Laguna Park in East Coast is trying its luck at the collective sale lottery for a third time with a reserve price of $1.48 billion, joining a number of mega sites that remain undeterred by the latest round of property cooling measures.
With 58 years left on its 99-year lease, owners of the 528-unit former HUDC estate reached the 80 per cent mandate about two months ahead of a Sept 30 deadline, and are launching its tender sale on Sept 18, collective sale committee chairman Tony Sum said.
The pot of gold that sometimes comes at the end of a collective sale has proven elusive for Laguna Park owners. Its previous attempts in 2007 and 2010 failed because of poor market conditions after the global financial crisis. And this year, the July 6 cooling measures hit just two months before the deadline to get the mandate for the third try.
Though he loves the view of the city and the sea from his home of 21 years, Laguna Park Management Corporation (MCST) chairman John Yap, 68, said the reality of the ageing lease is finally sinking in.
"I didn't sign the first two times because I love this place. We have the East Coast Parkway (and future) Siglap MRT on our doorstep; Jumbo Seafood is just across from us. But with only 58 years left, it is not so favourable to hold on any longer. We all recognise there is a need for renewal," he said.
Owners of the 516 residential units in Laguna Park stand to receive $2.6 million to $5 million each, while owners of the 12 shops will each get $2.53 million to $2.66 million. The tender closes on Nov 1.
Securing the 80 per cent mandate is just one part of the equation. Getting developers to bite is another.
Even before the new measures were announced, Colliers International data showed that 21 collective sale tenders, valued at $5.6 billion, closed in May and June without being sold, as developers took a breather to assess the large number of redevelopment sites available, evaluate potential risks and take stock of their development pipeline.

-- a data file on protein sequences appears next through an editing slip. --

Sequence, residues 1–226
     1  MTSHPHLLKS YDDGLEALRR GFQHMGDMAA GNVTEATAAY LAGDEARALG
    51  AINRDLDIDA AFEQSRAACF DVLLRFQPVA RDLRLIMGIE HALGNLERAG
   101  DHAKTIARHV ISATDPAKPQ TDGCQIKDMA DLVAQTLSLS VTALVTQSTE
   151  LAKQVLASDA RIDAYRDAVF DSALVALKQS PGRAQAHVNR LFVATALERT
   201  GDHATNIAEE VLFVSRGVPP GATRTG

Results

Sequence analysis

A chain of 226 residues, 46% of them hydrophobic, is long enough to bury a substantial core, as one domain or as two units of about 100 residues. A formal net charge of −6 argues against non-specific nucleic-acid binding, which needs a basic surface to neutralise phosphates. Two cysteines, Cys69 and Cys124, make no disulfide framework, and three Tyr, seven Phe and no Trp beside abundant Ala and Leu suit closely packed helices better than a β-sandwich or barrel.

But this has not stopped another mega site, Pandan Valley, from gunning for a collective sale with a record-breaking price tag of $2.6 billion. Pine Grove is close to getting 80 per cent signatures with a reserve price of $1.72 billion. Others still in the process of getting the mandate include Mandarin Gardens, Braddell View and The Dairy Farm.
Asked if the owners are willing to lower their reserve price if no developer bids again, Mr Sum said: "We will cross that bridge when we come to it. We have to get a fresh 80 per cent to vote for a lower price, but that will be difficult to do."
Analysts said the results of the hotly watched Horizon Towers, which was launched at a reserve price of $1.1 billion just before the measures and extended its tender closing to today, could set the tone for the collective sale market going forward.